Thursday, February 20, 2014

Who Would Regret a Ride in a Classic White Corvette?



Who would regret a ride in a white Corvette? Well, me actually.

Some odd number of years ago (seems like yesterday), I was outside in the evening air at a dance with a couple of girlfriends when this tall, good looking man pulled into the parking lot in his white Corvette.  Nowadays, you would compare him to Brad Pitt. My girlfriends got all giggly.

“What a car!” one of them said.

“What a guy!” the other said.

“I’d love to go for a ride in that.”

“Me too. I’d love to go for a ride in anything with him.”

Being the farm girl that I am, I was much more impressed with the maroon heavy-duty Ford work truck two rows away. (Ouch, that actually stung a little.  I’m a Dodge girl now.)  Anyway, I couldn’t see what the fuss was all about.  You could only seat two people in that car, and you certainly couldn’t haul hay in it.

“Here he comes,” one of my friends squealed.

He walked right up to me, reached out his hand, and said, “Wanna go for a ride, sweetheart?”

Um, actually I didn’t, but all the envious looks got to me. Wow!  Me—coveted. Even some of the other girls in the parking lot looked disappointed they hadn’t been chosen.

I knew I should feel honored he selected me, but frankly he appeared a little too cocky for my taste.  I mean, where was his cowboy boots, broad shoulders, muscles, moustache, and farmer’s tan?

I couldn’t resist though.  “Sure,” I said, taking his hand.

Multiple shoulders drooped, and I smiled.

I got settled into the passenger seat and he sped off.  Seriously.  I mean he SPED off, like in breaking the speed limit.  He headed down the street, talking mainly about himself and his car.  I knew I was supposed to be impressed, but the heavy metal rock music did nothing for me and neither did he. I felt like I was sitting in a trash compactor.  The car was so low to the ground, I could feel every bump and hole in the road.

John began cursing at all the other drivers on the road.  He swerved around a blue Trans Am with reckless abandonment. The oncoming car honked at him.  My breath caught in my throat, I half-covered my face with my hands, and my abdomen knotted as he veered back into the right lane, barely missing the front end of the Trans Am.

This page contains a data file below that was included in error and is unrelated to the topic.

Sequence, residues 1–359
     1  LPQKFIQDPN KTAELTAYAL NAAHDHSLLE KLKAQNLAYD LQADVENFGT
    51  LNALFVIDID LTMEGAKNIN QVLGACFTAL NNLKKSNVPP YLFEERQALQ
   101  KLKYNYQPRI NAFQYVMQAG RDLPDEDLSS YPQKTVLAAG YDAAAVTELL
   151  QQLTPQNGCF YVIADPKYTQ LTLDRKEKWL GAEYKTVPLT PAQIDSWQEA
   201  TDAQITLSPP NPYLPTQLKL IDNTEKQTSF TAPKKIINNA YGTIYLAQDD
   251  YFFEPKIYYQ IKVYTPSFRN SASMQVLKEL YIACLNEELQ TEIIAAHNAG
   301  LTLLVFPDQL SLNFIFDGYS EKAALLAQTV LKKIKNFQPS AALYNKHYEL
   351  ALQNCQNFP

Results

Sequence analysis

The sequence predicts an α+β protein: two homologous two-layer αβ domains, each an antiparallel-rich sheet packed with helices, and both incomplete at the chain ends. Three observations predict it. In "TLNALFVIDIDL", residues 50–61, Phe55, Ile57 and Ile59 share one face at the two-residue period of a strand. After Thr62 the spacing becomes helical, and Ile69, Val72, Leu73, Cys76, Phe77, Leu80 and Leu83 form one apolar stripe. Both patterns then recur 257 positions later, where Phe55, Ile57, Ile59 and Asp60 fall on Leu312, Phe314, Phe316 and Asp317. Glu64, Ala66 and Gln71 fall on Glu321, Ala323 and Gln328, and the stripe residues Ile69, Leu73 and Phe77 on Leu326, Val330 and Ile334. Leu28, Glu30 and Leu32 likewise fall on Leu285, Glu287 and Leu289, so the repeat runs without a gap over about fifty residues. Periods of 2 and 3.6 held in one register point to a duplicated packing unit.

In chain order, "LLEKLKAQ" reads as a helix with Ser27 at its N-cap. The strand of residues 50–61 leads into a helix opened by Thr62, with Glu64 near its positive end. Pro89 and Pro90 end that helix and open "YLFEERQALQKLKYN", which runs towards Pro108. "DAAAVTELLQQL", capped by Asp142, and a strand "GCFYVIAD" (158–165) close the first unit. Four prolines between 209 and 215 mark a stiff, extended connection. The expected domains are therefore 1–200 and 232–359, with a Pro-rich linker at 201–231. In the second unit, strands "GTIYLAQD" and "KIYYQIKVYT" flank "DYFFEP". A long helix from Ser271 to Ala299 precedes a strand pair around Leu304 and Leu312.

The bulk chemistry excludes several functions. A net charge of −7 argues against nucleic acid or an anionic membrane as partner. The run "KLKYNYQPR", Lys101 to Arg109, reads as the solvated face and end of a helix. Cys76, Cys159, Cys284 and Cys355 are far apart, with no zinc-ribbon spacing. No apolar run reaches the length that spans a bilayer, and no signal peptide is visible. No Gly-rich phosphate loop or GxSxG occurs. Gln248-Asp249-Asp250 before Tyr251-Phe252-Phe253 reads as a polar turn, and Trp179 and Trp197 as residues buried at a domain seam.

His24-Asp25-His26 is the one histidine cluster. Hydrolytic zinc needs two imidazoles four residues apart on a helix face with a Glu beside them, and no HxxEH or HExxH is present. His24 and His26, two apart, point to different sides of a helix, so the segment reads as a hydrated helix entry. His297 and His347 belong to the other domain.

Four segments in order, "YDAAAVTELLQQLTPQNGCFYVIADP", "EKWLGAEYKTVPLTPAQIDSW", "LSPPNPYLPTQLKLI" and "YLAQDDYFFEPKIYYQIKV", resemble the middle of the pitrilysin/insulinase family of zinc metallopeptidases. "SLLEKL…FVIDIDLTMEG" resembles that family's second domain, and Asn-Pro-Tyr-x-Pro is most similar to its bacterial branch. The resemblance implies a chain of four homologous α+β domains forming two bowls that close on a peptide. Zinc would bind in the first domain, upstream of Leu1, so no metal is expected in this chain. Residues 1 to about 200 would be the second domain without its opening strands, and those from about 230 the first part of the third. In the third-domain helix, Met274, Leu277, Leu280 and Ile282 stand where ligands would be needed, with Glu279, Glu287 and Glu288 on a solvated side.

The Trans Am’s horn blared.  John cursed, slammed on the brakes, and slowed. The car almost rear-ended us.  Could it get any more uncomfortable? I squeezed my eyes shut, hoping the whole nightmare would go away. I wanted to escape my captor, but so far all the lights were in our favor. Then John veered off the road, his body totally tense, his left leg bobbing up and down, and him mumbling under his breath. The Trans Am passed us, horn honking.  John flipped him off.

Yes, that’s what I said.  He flipped him off.
 
So, I’m looking around for a phone booth. (Yes, some of us are still alive who remember before cell phones.) Did I dare get out in this part of town?  Did I even have a quarter to make a call? 

I could hear the conversation now:
“Hey, Dad, I got in this total stranger’s white Corvette to make all my girlfriends jealous, and he flipped out with a bad case of road rage.  Can you come and get me?”

My head hit the back of the seat as John took off after the driver of the Trans Am.  (This car really could do zero to sixty in ten seconds flat.)

“Okay,” I said.  “Thanks for the little jaunt.  Would you please take me back to the dance?”

John was hell-bent on teaching the Trans Am owner a lesson. He never even bothered to respond.

“Yeah, this is a great car.  Now will you take me back, please?” I said again.

I’d done a few other careless things in my life at that point, but I really regretted getting in that car.

John turned onto State Street and a race ensued.  No matter how much I begged and pleaded, he wouldn’t stop.  The jerk totally had no respect for me or anyone else on the road. 

Of course he won the race, but at that point, I was completely disgusted.  He took me back to the dance, asked for my phone number, and finally let me out.   Pretty sure I gave him the wrong number.  

On wobbly legs, I crossed the parking lot to my friends, trying to act like taking a ride in a Corvette was the highlight of my life.  I vowed right then and there to never climb into another car with a lunatic.

Yeah, it might have happened again, but that’s another story.

Any regrets you've had?

Cindy A. Christiansen
Sweet Romance, Humor, Suspense…and Dogs!
Fly into a good book at:  http://www.dragonflyromance.com

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